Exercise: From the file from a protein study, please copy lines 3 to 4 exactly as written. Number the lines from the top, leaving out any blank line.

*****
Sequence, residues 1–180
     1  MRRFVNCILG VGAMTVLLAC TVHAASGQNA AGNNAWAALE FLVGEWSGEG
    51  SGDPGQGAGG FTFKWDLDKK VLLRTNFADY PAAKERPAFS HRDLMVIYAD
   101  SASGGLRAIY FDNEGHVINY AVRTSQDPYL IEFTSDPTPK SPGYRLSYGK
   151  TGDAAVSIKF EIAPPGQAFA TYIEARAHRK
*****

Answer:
    51  SGDPGQGAGG FTFKWDLDKK VLLRTNFADY PAAKERPAFS HRDLMVIYAD
   101  SASGGLRAIY FDNEGHVINY AVRTSQDPYL IEFTSDPTPK SPGYRLSYGK